According to statistics, sixty-four acres of rainforest are cut down every minute and would probably be gone within the next fifty years ( Fighting Deforestation) if mitigating actions are not planned and implemented. Risks of our rainforests are caused by a combination of almost everything, both anthropogenic and natural causes. Interactions among fire, El Niño-driven drought, and fragmentation are increasingly putting tropical forests at risk (Wuethrich). In addition to this, logging and the use of fuelwood further increases the threats to our rainforests (Vanclay 2).
Our rainforests is in a bleak situation unless we do something right to preserve it. Vanclay (10) in his article mentioned that much of the solutions in saving our rainforests lies in the application of a few simple and well established principles. He put emphasis on the idea that the principles are simple but the applications are a bit complicated. He stressed that successful implementation of any solution will require patience, understanding and the co-operation of many individuals and institutions.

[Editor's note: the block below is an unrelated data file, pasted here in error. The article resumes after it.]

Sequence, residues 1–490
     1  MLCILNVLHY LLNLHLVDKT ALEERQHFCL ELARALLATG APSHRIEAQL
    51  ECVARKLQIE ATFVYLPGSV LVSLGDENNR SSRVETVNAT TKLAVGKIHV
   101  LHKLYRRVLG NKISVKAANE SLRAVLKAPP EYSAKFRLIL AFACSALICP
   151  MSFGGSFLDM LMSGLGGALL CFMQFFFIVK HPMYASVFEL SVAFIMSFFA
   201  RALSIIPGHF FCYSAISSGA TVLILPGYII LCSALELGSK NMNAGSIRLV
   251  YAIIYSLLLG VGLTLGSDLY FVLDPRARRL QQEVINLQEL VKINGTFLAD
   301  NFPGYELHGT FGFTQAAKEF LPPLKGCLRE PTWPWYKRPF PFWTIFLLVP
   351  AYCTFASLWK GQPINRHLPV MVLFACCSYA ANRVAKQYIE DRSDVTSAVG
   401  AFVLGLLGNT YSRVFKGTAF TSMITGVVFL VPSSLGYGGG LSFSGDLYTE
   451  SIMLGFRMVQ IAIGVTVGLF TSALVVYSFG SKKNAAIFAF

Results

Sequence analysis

Plantations, portable sawmill, tropical timber bans, labeling, sustainable timber production are some of the possible solutions to our degrading rainforests. Alternative solutions could be land tenure, agricultural production, information, stability and outlook and research (Vanclay 10-12). These are possible solutions to the depleting rainforests in our planet. However, in implementing these possible solutions, one has also to consider human activities and interactions in the area. Social preparation is a very important tool in doing resource management. Local communities play a vital role in the implementations of these solutions since they are the first hand users of these resources. Information, education and communication campaign on rainforests is also necessary.
Valuation or putting monetary values to live rainforests should also be done so that the populace will have an idea how much will be lost if the rainforests are destroyed. Moreover, eco-tourism would also be an important factor in preventing rainforests to be damaged. People need to appreciate the beauty of nature so that he can appreciate its value. A well manage eco-tourism in rainforests could provide jobs to local communities which in turn could lessen the pressure on the forests.